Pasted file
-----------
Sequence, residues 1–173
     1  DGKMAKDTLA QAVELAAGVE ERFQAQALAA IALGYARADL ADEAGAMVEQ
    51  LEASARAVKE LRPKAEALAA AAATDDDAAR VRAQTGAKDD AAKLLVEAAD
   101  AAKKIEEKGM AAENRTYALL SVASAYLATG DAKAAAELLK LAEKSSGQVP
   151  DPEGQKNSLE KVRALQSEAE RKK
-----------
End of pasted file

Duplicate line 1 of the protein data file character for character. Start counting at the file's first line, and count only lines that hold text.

Sequence, residues 1–173